Murray Moss: A Class Act Comes to RISD
Contrary to what might be expected of a design-world celebrity, Murray Moss is refreshingly unpretentious and eager to share his considerable knowledge with anyone showing the least bit of interest in his favorite subject. Hence, the latest project for this design guru, whose eponymous SoHo emporium introduced a generation of collectors to iconic objects like those now found in museum collections, and stores, across the country. Since closing the business in 2012, Moss and partner Franklin Getchell have been in demand as consultants to a variety of clients, including several museum shops. But his recent affiliation with the Rhode Island School of Design is especially close to his generous heart: as a faculty member, he has the opportunity to teach the next generation how to understand design. How is he doing it? With a characteristically innovative approach: a graduate-level course he calls “Torpedo Lab,” a case study/think tank for which the classroom is his own object-filled home.
Moss and Getchell, partners in life and business for forty-seven years, moved last year from a sleekly modern New York apartment to a 1929 garrison-style house in Hamden, Connecticut, which he describes as “a pastiche: some early American, some Rococo, with elements of a Noel Coward set,” and not at all what they were looking for. “We wanted a small modernist house in convenient commuting distance to New York. After two years of looking, the real estate agent brought us to see this house. I took one look and said, ‘Let’s buy it.’
This wasn’t his first impulsive life-change. Chicago-born Moss didn’t plan to be involved in design, and never aspired to open a store. He began his professional life as an actor, and switched careers to run the high-end Ronaldus Shamask fashion business. During trips abroad, he became enamored with the beautiful modern objects he saw in Italy—objects not then available in the United States—and decided to bring them to America. He and Getchell opened the Greene Street shop in 1994, when SoHo was a burgeoning art gallery neighborhood. Showcasing merchandise in glass cases like museum exhibits, Moss became a magnet for design junkies, and introduced an impressive roster of international design celebrities to collectors, curators, and designers.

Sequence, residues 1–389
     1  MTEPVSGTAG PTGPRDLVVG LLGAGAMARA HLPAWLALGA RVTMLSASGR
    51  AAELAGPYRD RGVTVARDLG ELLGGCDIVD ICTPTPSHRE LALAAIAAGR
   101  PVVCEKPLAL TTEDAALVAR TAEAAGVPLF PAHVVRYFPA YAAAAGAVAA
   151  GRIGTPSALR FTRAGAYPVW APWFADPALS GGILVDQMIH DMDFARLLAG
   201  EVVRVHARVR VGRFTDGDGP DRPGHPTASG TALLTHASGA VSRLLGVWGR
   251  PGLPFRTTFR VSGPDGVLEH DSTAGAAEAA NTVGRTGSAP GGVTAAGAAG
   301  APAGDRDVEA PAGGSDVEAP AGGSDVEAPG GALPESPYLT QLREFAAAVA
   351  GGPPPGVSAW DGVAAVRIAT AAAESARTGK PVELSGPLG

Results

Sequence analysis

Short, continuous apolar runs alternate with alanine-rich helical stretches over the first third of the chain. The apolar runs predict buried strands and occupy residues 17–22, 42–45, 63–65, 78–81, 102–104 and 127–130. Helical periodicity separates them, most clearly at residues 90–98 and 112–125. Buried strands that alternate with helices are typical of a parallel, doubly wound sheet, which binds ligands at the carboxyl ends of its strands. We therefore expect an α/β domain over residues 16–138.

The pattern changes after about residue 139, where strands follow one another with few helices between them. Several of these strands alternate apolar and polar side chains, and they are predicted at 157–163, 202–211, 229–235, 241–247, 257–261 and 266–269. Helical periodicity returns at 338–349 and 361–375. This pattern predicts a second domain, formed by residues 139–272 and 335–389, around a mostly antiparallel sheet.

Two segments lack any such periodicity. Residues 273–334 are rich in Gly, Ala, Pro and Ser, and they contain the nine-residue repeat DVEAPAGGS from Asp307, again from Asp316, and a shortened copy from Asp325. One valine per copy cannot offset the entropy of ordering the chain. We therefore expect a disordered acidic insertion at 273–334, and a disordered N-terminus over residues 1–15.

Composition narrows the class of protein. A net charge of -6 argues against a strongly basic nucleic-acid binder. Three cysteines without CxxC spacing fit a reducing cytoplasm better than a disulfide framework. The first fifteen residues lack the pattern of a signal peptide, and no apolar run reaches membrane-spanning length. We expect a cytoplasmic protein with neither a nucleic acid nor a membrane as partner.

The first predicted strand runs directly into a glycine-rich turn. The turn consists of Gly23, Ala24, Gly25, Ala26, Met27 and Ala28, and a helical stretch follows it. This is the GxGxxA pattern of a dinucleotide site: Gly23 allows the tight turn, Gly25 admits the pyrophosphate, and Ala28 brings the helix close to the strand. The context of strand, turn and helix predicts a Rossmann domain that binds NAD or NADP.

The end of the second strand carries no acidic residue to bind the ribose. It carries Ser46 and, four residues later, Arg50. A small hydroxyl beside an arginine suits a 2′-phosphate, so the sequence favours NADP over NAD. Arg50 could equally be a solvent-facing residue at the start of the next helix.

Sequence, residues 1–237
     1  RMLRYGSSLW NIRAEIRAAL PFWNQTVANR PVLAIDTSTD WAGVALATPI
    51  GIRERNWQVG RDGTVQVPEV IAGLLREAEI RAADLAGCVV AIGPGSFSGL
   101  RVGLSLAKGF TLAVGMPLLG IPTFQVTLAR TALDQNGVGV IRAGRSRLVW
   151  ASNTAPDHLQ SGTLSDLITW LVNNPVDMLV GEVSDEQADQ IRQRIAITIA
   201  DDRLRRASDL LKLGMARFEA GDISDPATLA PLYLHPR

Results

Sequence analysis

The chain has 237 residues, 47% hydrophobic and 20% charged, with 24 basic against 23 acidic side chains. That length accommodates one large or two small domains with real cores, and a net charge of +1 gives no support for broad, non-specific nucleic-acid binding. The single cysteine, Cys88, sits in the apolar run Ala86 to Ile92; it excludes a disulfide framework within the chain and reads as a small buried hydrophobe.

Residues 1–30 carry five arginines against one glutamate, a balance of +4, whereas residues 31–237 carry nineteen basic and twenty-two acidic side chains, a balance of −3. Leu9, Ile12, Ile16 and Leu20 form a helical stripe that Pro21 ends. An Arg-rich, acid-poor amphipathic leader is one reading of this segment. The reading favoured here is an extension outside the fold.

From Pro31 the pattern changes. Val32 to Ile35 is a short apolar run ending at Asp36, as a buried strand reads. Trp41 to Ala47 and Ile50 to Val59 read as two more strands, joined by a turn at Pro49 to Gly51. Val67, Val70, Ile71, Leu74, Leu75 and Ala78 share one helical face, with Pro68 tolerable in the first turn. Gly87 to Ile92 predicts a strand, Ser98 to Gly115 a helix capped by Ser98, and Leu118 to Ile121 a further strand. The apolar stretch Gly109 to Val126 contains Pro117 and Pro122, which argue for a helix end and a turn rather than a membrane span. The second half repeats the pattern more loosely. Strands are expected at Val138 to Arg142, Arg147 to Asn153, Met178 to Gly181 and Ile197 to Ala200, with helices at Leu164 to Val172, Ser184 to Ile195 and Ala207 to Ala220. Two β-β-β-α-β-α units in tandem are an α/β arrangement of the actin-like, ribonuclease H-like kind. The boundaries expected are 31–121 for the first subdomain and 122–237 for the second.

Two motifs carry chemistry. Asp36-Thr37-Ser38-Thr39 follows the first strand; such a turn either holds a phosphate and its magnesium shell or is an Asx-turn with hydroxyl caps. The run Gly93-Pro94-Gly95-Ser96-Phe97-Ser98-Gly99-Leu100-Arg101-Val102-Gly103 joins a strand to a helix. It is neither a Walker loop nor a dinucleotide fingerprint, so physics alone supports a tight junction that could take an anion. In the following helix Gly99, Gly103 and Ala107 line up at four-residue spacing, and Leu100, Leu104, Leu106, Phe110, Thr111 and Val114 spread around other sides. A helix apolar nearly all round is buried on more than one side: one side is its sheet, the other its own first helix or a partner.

The RISD students in Moss’s seminar, too young to remember the store, will be exposed to the Moss approach to in five biweekly sessions this semester. He is using the objects in his highly personal collection as tools to look at, touch, and discuss, helping the students to see connections and draw parallels between disparate works of different styles and periods. “Not exactly a petting zoo,” he says, “but things that have meaning to me that I think are interesting for them to look at and put in hand.” He admits to some concern: “It’s a huge responsibility—it’s a different thing when you have to articulate what it is you do and how you approach something.” Though he believes it will benefit the students to leave campus with a different kind of experience. The course is limited to graduate students: “I wanted students about to begin a professional career. It’s a big change—from someone expected to ask questions to someone expected to answer them. I want to help them think of answers.”
RISD also sponsored two well-attended public lectures by Moss last fall, in which he discussed his experiences with innovative design, and his then-transgressive approach to display and merchandising. About her recruiting of Moss, President Rosanne Somerson says, “At RISD, where immersive making is fundamental to critical and integrative thinking, the customized set of experiences that Murray has designed will foster dialogue around object narratives and interdisciplinary design…and inspire the next generation of creative leaders.”